Especially after the past few years of desperate anemic summer temperatures.
I’m off to pot up some lovely ladies to sell at the Homer Farmer’s Market. What an amazing vibrant community event our Farmer’s Market is; no community should be without one of their own. I’ll try to remember to bring my camera to capture the festival feeling, the friends and neighbors and fabulous produce!   My biggest challenge will be capturing the taste of the fresh baked pastries on film, it may take several tries.

How can a Month be both the shortest and the longest at the same time?

16 Apr

I keep the bird feeder full, it keeps me sane-r. The 2 feet of hard, sharp unchanging snow needs to have those feathered citizens- looking so busy- to give the world some movement and vitality. This is a taxing month. On the one hand I pine, long, crave the wet green of spring proper; on the other it is bearing down from the distance, like the distant sound of thunder whose clouds you can’t see. Spring that I long for also means a frentic pace that has me weeping by evening, tallying the jobs yet undone. What can I do to prepare for the manic days ahead, to make space in the pace- so to speak? I hate being so busy, that terrible pushed feeling. For years now I’ve felt an invisible hand on my back, pushing onward, even as I stumble. I didn’t even stop to ponder the feeling, I just kept my little legs spinning. Then- Bam! One exhausted day I thought, What the hell is this? I don’t want to live like this- I don’t need to. My job is done. No one is going to go hungry, no one will sleep out in the cold, no one will be traumatized or disappointed. Those days are past now. What a thought! The kids are grown and happy- successful enough for me to borrow money from them. Things are good. Husband has a job he loves, good…. And he’s workaholic enough for both of us. See the therapy I can give myself? I’m a pretty self contained unit. 🙂 Nessecary self-support network.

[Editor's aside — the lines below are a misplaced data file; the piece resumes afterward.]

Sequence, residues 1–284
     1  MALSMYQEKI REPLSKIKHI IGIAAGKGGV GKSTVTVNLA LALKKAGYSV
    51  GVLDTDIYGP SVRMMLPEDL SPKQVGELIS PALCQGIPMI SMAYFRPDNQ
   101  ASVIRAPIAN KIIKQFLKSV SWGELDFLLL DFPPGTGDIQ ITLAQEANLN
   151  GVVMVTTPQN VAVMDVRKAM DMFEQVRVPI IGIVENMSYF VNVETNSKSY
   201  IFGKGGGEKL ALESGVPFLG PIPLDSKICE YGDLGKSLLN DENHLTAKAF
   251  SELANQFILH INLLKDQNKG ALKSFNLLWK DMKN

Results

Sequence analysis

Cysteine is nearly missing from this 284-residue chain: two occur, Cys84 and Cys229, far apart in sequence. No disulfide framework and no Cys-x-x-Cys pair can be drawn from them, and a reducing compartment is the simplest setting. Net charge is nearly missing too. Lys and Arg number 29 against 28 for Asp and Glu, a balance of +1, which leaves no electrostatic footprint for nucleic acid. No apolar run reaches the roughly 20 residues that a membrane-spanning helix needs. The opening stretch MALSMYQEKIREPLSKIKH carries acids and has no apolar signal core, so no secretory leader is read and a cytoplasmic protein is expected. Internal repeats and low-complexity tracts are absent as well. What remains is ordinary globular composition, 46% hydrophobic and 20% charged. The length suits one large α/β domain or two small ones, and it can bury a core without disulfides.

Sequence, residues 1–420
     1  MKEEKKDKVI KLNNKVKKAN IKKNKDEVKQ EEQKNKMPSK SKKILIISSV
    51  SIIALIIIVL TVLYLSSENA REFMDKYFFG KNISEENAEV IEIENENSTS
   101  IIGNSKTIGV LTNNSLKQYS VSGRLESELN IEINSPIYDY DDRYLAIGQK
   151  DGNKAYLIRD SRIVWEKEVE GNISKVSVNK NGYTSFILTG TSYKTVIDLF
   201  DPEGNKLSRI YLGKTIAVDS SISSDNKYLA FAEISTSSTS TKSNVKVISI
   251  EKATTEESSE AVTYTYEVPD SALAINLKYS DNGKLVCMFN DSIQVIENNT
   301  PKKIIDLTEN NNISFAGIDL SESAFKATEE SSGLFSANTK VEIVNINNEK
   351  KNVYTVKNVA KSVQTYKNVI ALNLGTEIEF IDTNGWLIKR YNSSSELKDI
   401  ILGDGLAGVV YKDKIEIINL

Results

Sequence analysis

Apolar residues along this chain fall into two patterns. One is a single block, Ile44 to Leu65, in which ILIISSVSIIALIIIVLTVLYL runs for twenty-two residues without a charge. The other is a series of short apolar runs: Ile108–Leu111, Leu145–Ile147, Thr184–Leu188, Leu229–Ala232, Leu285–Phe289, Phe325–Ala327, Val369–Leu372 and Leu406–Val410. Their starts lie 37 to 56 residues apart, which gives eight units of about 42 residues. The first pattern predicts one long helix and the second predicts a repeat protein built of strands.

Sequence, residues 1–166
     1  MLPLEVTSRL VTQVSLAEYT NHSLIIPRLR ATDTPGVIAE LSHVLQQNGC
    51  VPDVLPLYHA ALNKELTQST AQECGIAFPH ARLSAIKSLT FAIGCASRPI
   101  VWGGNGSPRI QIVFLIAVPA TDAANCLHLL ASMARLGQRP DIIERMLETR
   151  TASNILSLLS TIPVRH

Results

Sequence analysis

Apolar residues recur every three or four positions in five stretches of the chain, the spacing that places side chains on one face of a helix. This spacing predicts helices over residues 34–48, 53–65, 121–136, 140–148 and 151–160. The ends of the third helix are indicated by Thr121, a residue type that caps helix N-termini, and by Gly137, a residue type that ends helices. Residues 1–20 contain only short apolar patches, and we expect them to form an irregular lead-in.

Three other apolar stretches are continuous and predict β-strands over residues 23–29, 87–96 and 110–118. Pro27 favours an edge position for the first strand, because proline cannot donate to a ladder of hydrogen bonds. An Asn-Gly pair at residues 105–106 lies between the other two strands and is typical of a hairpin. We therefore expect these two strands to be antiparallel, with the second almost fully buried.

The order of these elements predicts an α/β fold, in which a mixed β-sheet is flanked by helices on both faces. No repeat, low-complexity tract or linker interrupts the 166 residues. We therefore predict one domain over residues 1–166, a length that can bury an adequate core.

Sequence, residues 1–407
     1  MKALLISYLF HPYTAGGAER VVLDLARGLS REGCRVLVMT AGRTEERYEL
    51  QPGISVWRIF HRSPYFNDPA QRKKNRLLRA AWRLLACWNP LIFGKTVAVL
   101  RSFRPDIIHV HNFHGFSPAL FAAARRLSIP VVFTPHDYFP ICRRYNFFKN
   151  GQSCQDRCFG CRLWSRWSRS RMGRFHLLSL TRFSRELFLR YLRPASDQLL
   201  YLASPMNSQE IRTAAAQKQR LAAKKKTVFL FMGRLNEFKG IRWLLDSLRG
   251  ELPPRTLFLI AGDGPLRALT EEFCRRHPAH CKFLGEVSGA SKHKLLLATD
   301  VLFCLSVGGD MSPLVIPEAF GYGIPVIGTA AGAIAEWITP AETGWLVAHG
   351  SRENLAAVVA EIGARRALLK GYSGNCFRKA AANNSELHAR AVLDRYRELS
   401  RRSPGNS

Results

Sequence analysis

Now just breathe.
It looks like a scene from the movie “The Birds” out there, you’d think this was the only grocery store in 100 miles. Makin’ hay while the sun shines, huh guys? Well it’s not a bad idea my little friends. The way I’m chucking responsibilities around here, you never know if the bird feeder is next! (You’re on your own guys! Buck up! It’ll be good for ya, build character and all that.) I’m off to pick violets.
In my mind.

Oh, my heart longs for the gentle warmth of spring sun.

15 Apr
wishing for spring

wishing for spring

“Hug a Horsetail”( i.e. give that noxious weed some love)

23 Mar

This is an article I wrote for the Alaska Peony Growers Association

“Hug a Horsetail”( i.e.  give that noxious weed some love)

  It’s February now and there’s an array of seed catalogs fanned out around me; on one side is peony wholesale types and on the other is the garden/herb/perennial variety.   This is better than shopping for shoes!  And so much better than watching ice sickles drip.

  In the back of one catalog, I found Horsetail Butter for sale- more of a body butter than a bread butter.  Last year I came across Horsetail Tea (equisetum arvense) as well, even though it was $6.50 for a box of 50 bags-I purchased it to remind myself of all the untapped possibilities growing at my feet.  Horsetail is that plant we all love to hate.  It is so tenacious, every year I feel like
I simply go through the exercise of pulling out the same equisetum I pulled out the year before; like Ground Hog’s Day–over and over.  Since it is the sole survivor of a line of plants that go back 400 million years ( Equisetaceae family) I can understand how impossible it is to eject from the soil.